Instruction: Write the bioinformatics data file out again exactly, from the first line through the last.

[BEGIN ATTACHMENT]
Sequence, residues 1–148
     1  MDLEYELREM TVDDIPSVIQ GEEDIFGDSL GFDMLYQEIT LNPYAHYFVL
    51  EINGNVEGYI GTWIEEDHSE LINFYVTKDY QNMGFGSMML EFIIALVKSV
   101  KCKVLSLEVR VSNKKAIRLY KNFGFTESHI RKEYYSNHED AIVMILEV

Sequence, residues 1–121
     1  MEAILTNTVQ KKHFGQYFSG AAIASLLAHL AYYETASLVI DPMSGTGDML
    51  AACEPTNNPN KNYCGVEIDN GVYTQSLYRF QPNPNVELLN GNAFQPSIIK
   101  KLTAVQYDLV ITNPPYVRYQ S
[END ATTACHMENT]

Sequence, residues 1–148
     1  MDLEYELREM TVDDIPSVIQ GEEDIFGDSL GFDMLYQEIT LNPYAHYFVL
    51  EINGNVEGYI GTWIEEDHSE LINFYVTKDY QNMGFGSMML EFIIALVKSV
   101  KCKVLSLEVR VSNKKAIRLY KNFGFTESHI RKEYYSNHED AIVMILEV

Sequence, residues 1–121
     1  MEAILTNTVQ KKHFGQYFSG AAIASLLAHL AYYETASLVI DPMSGTGDML
    51  AACEPTNNPN KNYCGVEIDN GVYTQSLYRF QPNPNVELLN GNAFQPSIIK
   101  KLTAVQYDLV ITNPPYVRYQ S